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FEARS that Chinese spies could compromise the joint Australian-US intelligence operations at Pine Gap may have underpinned the Rudd Government's decision to reject OZ Minerals' (ozl.ASX:Quote,News) takeover by China Minmetals, according to the country's leading intelligence expert.
Des Ball, of the Strategic and Defence Studies Centre, said China would have the potential to intercept key satellite transmissions into Pine Gap from OZ Minerals' mine sites near Woomera in South Australia.
Ball described the operational area as containing three sections: Satellite Station Keeping Section, Signals Processing Station and the Signals Analysis Section, from which Australians were barred until 1980. Australians are now officially barred only from the National Cryptographic Room (similarly, Americans are barred from the Australian Cryptographic Room). Each morning the Joint Reconnaissance Schedule Committee meets to determine what the satellites will monitor over the next 24 hours.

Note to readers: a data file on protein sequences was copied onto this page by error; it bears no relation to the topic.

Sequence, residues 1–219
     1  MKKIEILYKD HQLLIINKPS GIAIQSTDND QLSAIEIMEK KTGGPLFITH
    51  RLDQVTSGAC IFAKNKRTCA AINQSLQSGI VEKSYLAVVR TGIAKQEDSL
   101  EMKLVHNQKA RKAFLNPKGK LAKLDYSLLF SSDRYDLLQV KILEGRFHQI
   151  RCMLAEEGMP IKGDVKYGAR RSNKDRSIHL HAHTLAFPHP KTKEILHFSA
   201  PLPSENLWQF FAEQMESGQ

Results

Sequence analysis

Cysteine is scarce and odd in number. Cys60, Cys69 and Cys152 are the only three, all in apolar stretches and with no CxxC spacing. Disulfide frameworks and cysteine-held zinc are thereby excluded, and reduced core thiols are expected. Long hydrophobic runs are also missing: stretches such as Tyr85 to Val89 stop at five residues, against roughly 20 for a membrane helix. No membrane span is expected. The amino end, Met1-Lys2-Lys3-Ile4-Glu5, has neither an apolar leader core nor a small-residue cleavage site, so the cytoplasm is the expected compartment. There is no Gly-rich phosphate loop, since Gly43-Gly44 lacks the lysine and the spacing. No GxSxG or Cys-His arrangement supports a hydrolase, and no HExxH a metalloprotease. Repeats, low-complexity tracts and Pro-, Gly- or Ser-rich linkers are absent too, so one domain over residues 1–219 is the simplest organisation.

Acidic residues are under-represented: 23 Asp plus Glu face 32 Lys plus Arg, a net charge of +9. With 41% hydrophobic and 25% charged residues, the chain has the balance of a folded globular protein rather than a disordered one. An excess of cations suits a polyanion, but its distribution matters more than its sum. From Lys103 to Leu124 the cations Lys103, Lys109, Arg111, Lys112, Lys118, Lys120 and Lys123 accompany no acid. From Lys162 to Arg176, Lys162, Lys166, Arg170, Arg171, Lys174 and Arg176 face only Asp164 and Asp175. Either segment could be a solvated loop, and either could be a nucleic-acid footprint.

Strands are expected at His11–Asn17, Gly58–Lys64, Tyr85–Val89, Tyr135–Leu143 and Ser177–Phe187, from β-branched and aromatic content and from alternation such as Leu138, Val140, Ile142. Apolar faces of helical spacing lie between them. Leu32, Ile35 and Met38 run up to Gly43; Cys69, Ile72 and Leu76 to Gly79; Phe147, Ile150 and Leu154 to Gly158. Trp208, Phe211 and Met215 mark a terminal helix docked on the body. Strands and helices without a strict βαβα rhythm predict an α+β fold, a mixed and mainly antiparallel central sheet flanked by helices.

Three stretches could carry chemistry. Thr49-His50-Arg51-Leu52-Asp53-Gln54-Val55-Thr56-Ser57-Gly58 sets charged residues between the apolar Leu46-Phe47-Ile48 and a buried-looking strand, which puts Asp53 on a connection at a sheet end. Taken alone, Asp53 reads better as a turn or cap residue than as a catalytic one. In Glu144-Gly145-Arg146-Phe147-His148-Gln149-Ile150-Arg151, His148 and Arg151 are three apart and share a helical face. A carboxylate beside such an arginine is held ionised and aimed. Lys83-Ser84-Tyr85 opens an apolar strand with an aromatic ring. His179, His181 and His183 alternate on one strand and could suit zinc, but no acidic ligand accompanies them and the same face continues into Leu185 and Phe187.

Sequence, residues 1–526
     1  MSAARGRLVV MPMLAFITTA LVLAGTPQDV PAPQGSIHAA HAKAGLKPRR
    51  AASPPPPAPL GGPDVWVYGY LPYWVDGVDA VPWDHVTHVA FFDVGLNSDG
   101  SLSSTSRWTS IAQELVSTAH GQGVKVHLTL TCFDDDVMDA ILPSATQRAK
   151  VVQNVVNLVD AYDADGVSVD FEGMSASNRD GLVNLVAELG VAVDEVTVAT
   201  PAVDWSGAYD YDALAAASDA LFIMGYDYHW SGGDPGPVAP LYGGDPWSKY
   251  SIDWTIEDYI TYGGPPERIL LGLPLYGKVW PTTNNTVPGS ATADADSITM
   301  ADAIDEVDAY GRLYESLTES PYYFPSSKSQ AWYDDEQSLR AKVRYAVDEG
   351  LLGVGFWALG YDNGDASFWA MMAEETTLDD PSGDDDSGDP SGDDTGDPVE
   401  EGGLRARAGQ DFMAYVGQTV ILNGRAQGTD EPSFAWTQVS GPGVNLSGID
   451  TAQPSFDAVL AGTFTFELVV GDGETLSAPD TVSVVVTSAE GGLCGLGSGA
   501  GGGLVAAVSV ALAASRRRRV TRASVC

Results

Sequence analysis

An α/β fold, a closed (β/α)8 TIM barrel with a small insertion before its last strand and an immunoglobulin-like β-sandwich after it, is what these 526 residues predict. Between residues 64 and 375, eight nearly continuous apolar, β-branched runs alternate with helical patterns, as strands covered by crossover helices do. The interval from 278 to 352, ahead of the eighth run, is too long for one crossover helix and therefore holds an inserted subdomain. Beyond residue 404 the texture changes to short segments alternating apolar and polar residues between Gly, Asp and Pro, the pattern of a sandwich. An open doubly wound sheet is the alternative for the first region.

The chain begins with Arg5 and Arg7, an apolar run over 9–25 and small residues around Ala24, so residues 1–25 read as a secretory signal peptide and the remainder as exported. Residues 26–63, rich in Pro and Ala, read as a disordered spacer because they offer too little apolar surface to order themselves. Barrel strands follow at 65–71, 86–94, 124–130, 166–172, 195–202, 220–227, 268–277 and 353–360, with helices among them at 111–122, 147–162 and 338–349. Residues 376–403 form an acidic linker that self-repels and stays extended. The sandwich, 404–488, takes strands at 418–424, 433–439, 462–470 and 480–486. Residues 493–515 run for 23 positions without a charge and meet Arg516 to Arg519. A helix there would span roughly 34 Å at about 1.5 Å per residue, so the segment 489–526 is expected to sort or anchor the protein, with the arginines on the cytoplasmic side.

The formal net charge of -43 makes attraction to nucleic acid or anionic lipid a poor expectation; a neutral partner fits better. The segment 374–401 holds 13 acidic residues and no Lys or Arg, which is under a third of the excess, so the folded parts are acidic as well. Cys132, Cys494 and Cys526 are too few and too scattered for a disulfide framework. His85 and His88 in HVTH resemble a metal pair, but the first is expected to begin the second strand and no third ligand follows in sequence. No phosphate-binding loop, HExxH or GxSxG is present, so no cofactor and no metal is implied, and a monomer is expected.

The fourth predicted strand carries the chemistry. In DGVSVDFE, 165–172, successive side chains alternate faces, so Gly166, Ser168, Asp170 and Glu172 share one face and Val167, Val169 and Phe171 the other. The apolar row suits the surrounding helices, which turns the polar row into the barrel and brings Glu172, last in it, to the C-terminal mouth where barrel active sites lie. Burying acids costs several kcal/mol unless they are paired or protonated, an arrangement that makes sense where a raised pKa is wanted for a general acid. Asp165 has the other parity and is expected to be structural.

With the closing of the Nurrungar base in 1999, an area in Pine Gap was set aside for the United States Air Force's control station for Defense Support Program satellites that monitor heat emissions from missiles, giving first warning of ballistic missile launches.